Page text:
According to the Committee to Protect Journalists, more than half of the 20 detained journalists in Egypt are in poor health. Multiple reports document the systematic interference with access to health care inside Egyptian detention facilities. In June 2014, the Egyptian Initiative for Personal Rights published a report titled “Health in Egyptian Prisons: a field study on the determinants of health behind bars” in which it concluded that “living and health conditions in prisons are not in line with the minimum components of the right to health, both on the level of access and quality of health services, and the competence of the healthcare staff.” In a 2016 report titled, “We are in tombs”: Abuses in Egypt’s Scorpion Prison, Human Rights Watch found that at least six detainees in Al-Aqrab prison, also known as Scorpion, died in 2015 during a period in which all visitations were banned. Interference with detainees’ right to health care continues unabated.
Prison authorities have interfered with access to treatment for at least eight of the currently detained journalists.
Photographer Mahmoud Abu Zeid, also known as Shawkan, contracted hepatitis C shortly after his detention in 2013. He is held in Tora prison. In December 2016, demands to release Shawkan on medical grounds were denied. On 19 October 2017, the journalist told his father during a family visit that he is experiencing blurry vision, insomnia, shivers and loss of appetite. His father later urged a prison officer to conduct a blood test to determine Shawkan’s condition. This would allow his family to provide him with the medication he needs. In late October 2017, the prison hospital transferred Shawkan to nearby Qasr El Eyni Hospital for a blood test. The facility did not have the machinery necessary to conduct the test and Shawkan was returned to Tora prison hospital. The prison administration then recommended that a blood sample be collected from Shawkan and sent to a private laboratory for testing. However, no blood sample has been collected and sent for testing at the time of writing.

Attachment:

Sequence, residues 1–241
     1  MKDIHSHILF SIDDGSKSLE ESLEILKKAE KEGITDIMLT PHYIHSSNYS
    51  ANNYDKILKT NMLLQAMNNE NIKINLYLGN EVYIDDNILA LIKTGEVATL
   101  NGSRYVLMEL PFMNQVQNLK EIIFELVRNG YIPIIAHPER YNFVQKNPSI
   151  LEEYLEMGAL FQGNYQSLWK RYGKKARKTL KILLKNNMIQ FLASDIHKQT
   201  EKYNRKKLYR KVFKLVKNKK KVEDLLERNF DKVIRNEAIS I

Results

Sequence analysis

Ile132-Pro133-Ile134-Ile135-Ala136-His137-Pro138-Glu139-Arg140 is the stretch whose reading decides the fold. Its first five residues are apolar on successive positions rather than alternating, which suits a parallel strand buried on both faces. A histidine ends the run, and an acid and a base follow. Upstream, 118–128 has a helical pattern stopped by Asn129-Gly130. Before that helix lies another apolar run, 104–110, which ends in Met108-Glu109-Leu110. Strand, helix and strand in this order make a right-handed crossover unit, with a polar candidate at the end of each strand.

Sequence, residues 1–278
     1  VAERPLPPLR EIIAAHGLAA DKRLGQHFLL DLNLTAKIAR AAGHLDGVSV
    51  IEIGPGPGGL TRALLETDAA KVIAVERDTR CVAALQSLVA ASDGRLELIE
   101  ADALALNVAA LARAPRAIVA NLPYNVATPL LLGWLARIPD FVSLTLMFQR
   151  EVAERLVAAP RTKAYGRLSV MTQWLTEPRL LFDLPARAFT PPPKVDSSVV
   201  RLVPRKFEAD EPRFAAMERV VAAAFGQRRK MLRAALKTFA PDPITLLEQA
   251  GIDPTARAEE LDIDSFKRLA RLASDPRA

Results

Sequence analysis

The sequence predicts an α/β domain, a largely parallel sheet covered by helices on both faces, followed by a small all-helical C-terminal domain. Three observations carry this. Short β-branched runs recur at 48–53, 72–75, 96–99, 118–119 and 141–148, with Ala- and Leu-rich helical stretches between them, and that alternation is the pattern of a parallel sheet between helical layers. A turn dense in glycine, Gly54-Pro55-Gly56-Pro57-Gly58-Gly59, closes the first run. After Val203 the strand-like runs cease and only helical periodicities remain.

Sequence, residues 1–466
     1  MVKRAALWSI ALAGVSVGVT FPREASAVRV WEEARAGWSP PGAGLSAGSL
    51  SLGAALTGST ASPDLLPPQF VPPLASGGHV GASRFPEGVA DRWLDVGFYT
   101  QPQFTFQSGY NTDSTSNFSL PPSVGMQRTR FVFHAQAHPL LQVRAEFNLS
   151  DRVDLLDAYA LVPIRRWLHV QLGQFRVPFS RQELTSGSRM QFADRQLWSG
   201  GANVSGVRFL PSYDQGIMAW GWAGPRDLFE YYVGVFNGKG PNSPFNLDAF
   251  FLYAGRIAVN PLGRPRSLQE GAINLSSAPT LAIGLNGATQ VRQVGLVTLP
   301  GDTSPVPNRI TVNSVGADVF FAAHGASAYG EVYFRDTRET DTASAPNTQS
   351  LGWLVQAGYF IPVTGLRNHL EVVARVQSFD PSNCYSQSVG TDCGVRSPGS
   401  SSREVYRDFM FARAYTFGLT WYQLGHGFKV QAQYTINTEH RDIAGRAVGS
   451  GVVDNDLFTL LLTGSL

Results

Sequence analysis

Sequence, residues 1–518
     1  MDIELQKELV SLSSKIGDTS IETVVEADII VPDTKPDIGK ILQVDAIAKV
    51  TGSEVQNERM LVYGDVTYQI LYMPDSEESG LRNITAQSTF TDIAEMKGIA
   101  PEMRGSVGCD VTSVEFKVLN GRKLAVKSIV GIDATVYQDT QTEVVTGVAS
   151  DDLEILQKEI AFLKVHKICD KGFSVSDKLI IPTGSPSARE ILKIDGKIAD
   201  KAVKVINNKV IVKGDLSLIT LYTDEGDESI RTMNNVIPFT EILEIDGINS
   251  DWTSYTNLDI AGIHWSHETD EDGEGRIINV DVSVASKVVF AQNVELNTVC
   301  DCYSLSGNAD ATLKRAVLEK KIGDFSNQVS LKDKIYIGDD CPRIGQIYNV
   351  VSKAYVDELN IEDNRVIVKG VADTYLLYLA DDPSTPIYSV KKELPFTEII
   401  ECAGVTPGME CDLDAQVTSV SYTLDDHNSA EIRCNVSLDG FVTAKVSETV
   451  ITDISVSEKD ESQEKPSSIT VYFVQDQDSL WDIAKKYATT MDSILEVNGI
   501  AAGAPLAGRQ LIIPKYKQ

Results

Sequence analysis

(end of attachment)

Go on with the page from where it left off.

Samhi Mustafa, co-founder of the news website Rassd, needs surgery for a jaw fracture and treatment for complications resulting from a broken nose. His wife said that Mustafa suffered these injuries after being assaulted by prison guards in early 2016. Mustafa is currently held in Tora prison. In April 2015, he was sentenced to life imprisonment, which was later reduced to five years on appeal.
Freelance journalist Ismail Alexandrani developed respiratory issues while in detention caused by poor ventilation conditions in his cell, according to his wife. On 29 November 2015, the authorities arrested Ismail and have kept him in Tora prison without trial since.
El Badil journalist Sabry Anwar is being denied treatment for kidney stones. Anwar was arrested at his home on 21 February 2016. According to his wife, Anwar has been tortured into confessing to crimes he did not commit on four different occasions. In September 2017, his lawyers demanded his transfer to a hospital for treatment. However, the calls fell on deaf ears.